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Publius on Rick Perry's attempt to short-circuit an investigation of the Willingham case:

By now, you're probably familiar with the New Yorker article showing that Cameron Todd Willingham was almost certainly wrongly executed for arson and murder.   In 2005, after the execution, Texas established a commission to investigate forensic errors, and the commission started reviewing the Willingham case.  In the course of its review, the commission hired a nationally recognized fire expert who ultimately wrote a "scathing report" concluding that the arson investigation was a joke.  

The expert was originally set to testify about his report on Friday, October 2.  On Sept. 30, however, Perry suddenly replaced three members of the panel, including the chair, against their wishes.  The new chair promptly canceled the hearing.  More recently, Perry replaced a fourth member (he can only appoint four -- other state officials appoint the remaining five members).

What's amazing is not so much that Perry replaced the panel members, but that he felt secure enough to be so brazenly corrupt about it.  It's a sad reflection on the state of politics in Texas that a governor could commit such blatant whitewashing two days before the hearing. 

Of course, his motive is fairly clear.  Perry contributed to the execution of an innocent person.  And the formal recognition that Texas executed an innocent man would trigger a massive political earthquake -- one that would clarify to an inattentive public the utter barbarity and immorality of Texas's criminal justice system.

So yes, I can understand Perry's motives.  But it doesn't change the fact that he is acting in a profoundly immoral way.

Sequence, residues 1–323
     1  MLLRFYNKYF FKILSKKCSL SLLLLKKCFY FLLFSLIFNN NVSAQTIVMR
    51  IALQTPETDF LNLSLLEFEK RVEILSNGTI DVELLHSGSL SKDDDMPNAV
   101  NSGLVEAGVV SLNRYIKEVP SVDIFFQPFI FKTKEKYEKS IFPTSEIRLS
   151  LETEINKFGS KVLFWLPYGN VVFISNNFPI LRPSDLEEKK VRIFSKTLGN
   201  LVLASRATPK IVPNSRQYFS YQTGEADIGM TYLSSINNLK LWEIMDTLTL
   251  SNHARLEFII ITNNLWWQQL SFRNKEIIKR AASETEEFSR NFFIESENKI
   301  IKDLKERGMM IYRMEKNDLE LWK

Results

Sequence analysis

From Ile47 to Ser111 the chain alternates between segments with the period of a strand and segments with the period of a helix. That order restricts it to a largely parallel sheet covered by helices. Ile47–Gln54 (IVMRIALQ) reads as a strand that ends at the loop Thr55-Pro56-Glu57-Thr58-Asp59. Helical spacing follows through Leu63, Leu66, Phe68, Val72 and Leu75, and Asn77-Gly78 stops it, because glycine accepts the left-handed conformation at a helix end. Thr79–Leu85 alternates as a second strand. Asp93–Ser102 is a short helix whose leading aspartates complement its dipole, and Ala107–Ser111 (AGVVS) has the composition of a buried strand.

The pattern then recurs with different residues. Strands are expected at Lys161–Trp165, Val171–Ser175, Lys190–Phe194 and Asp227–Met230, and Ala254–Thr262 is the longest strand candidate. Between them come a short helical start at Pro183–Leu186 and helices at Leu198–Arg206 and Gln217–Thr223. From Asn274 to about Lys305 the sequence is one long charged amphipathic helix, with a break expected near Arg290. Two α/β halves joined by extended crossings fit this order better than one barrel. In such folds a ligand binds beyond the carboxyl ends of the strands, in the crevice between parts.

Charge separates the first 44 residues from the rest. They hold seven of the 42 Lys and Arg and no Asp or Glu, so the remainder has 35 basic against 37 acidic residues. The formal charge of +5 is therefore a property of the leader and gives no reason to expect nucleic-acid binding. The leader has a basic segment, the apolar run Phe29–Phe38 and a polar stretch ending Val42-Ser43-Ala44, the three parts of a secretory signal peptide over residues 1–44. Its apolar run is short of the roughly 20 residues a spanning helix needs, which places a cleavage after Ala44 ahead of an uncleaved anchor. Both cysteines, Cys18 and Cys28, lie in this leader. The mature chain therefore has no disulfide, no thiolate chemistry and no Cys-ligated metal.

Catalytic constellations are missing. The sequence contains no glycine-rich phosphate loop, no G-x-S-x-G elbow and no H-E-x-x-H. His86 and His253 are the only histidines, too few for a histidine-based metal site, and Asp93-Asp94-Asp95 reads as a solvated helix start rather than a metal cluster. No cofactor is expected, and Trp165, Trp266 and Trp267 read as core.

Yes, I'm opposed to the death penalty.  But even if you're not, you can't possibly think that it's okay to avoid investigating whether your state's forensic methods risk putting innocent people in jail, or sending them to their death.  No matter how strongly you favor the death penalty, I'm sure that you agree that its purpose is not to execute people; it's to execute justice.  A value which Rick Perry seems determined to butcher.

The expert was originally set to testify about his report on Friday, October 2.  On Sept. 30, however, Perry suddenly replaced three members of the panel, including the chair, against their wishes.  The new chair promptly canceled the hearing.  More recently, Perry replaced a fourth member (he can only appoint four -- other state officials appoint the remaining five members).

What's amazing is not so much that Perry replaced the panel members, but that he felt secure enough to be so brazenly corrupt about it.  It's a sad reflection on the state of politics in Texas that a governor could commit such blatant whitewashing two days before the hearing. 

Of course, his motive is fairly clear.  Perry contributed to the execution of an innocent person.  And the formal recognition that Texas executed an innocent man would trigger a massive political earthquake -- one that would clarify to an inattentive public the utter barbarity and immorality of Texas's criminal justice system.

So yes, I can understand Perry's motives.  But it doesn't change the fact that he is acting in a profoundly immoral way.

Yes, I'm opposed to the death penalty.  But even if you're not, you can't possibly think that it's okay to avoid investigating whether your state's forensic methods risk putting innocent people in jail, or sending them to their death.  No matter how strongly you favor the death penalty, I'm sure that you agree that its purpose is not to execute people; it's to execute justice.  A value which Rick Perry seems determined to butcher.

 

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Megan McArdle is a columnist at Bloomberg View and a former senior editor at The Atlantic. Her new book is The Up Side of Down.

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